(RFE/RL) -- The Pakistani military says three U.S. soldiers traveling with Pakistani security-force members were killed today in a roadside bombing near a school in northwest Pakistan.
It appears to be the first-known U.S. military fatalities in Pakistan's tribal regions near the Afghan border.
The U.S. Embassy in Islamabad condemned the "vicious terrorist bombing" in the Lower Dir area of Pakistan's Northwest Frontier Province, which it said also wounded two other U.S. soldiers.
The statement said the soldiers had been due to attend the inauguration of a girls school recently renovated with U.S. humanitarian assistance.
It said the U.S. military personnel were in Pakistan as part of a little-publicized mission to train members of the paramilitary Frontier Corps.
Pakistan's Taliban claimed responsibility for the bombing, with spokesman Azam Tariq telling Reuters news agency that the group would "continue such attacks on Americans."
Condemning the attack, Pakistani Prime Minister Yousaf Raza Gilani ordered an investigation into the bombing, while Foreign Minister Shah Mehmood Qureshi said that "terrorism will never be allowed to succeed in its nefarious designs."
Police said one Pakistani soldier and at least three children also died in the blast near the girls school.
Dozens of people, most of them students, were reported injured in the explosion, which partly destroyed the school.
The blast was a grim reminder of the resilience of Taliban militants determined to battle government forces, including in Lower Dir and neighboring areas, where the military last year launched a major offensive against militants.
Ghulam Ghaus, a correspondent for RFE/RL's Radio Mashaal in the northwestern city of Peshawar, reports that "the military claimed that the area was cleared of militants. And now reconstruction and rehabilitation was under way."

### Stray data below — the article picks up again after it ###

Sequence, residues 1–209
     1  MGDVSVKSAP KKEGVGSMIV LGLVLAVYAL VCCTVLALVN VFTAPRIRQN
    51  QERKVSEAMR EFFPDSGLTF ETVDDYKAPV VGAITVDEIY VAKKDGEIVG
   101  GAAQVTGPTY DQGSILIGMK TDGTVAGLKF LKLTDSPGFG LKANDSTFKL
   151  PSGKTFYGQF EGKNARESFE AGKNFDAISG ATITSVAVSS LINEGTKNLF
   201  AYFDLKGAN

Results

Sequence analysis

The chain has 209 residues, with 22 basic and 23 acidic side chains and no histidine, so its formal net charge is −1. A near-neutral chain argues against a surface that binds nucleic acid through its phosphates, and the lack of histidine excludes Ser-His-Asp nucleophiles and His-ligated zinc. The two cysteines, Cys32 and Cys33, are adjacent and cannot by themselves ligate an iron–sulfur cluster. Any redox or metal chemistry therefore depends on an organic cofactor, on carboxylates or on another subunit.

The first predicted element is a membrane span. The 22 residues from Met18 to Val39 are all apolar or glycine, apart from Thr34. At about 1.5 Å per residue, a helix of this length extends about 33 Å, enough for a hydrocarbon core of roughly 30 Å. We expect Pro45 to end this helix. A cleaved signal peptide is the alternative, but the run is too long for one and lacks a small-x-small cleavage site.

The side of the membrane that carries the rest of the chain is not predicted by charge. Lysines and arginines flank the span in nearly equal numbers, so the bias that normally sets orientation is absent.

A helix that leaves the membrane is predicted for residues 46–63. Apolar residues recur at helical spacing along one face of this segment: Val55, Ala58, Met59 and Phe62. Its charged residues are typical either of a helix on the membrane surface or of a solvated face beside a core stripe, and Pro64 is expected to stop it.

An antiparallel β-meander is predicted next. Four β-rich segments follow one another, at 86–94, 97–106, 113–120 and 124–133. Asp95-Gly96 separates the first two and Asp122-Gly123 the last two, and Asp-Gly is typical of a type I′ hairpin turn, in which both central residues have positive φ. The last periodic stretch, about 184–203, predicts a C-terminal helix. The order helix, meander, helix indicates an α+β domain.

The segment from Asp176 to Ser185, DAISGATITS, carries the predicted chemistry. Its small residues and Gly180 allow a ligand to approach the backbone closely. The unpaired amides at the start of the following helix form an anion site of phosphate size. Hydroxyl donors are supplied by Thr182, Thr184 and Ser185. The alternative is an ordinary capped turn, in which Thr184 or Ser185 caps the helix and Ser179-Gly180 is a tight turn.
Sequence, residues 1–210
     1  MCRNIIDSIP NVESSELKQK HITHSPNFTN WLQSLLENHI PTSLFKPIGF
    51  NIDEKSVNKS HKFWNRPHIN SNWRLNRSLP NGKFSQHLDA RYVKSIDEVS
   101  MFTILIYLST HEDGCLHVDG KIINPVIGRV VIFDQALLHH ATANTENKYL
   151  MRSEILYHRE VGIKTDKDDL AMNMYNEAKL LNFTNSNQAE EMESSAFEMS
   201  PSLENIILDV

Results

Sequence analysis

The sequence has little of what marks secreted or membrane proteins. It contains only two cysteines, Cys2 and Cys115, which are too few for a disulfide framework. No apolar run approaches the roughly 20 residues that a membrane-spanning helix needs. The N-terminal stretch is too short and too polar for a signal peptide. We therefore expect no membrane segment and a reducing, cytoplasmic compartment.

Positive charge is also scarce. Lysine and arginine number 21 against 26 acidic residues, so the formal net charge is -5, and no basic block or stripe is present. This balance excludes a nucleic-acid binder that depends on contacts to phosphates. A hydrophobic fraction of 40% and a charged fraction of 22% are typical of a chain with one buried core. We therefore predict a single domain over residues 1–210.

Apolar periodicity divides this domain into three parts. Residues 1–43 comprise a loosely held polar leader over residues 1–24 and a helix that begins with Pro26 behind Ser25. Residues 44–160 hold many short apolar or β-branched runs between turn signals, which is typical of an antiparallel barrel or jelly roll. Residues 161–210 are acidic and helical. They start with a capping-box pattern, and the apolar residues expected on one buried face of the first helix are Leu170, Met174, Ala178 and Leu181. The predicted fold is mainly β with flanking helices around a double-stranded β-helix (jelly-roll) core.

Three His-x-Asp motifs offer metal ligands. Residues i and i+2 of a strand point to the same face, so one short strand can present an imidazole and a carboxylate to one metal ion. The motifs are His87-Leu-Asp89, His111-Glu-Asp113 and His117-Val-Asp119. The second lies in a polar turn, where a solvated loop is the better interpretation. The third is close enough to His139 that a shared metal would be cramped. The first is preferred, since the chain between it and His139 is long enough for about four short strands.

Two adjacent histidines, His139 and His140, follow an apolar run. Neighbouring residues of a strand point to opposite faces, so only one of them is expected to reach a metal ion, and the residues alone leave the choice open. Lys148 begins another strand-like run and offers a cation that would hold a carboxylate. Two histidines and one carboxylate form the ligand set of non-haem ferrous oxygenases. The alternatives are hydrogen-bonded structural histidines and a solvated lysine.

Reports say U.S. troops have been training Pakistan's Frontier Corps since at least 2008. The corps is a major force in the northwest, but they have long been underequipped and undertrained.
The training program was never officially announced, a sign of the sensitivity for Pakistan's government of allowing U.S. troops on its territory. U.S. officials have said that Americans are not carrying out operations.
Ghaus says today's attack is likely to draw attention to the presence of U.S. soldiers on Pakistani soil. "Generally here, there is a sort of anti-American sentiment," he says. "Taliban militants certainly like to make such incidents to gain the sympathy of the people."
Today's casualties were the first U.S. deaths in Pakistan since 2008, when two U.S. military personnel died in a bombing of the Marriott Hotel in Islamabad. The same year, an American aid worker was killed in Peshawar.
with news agency reports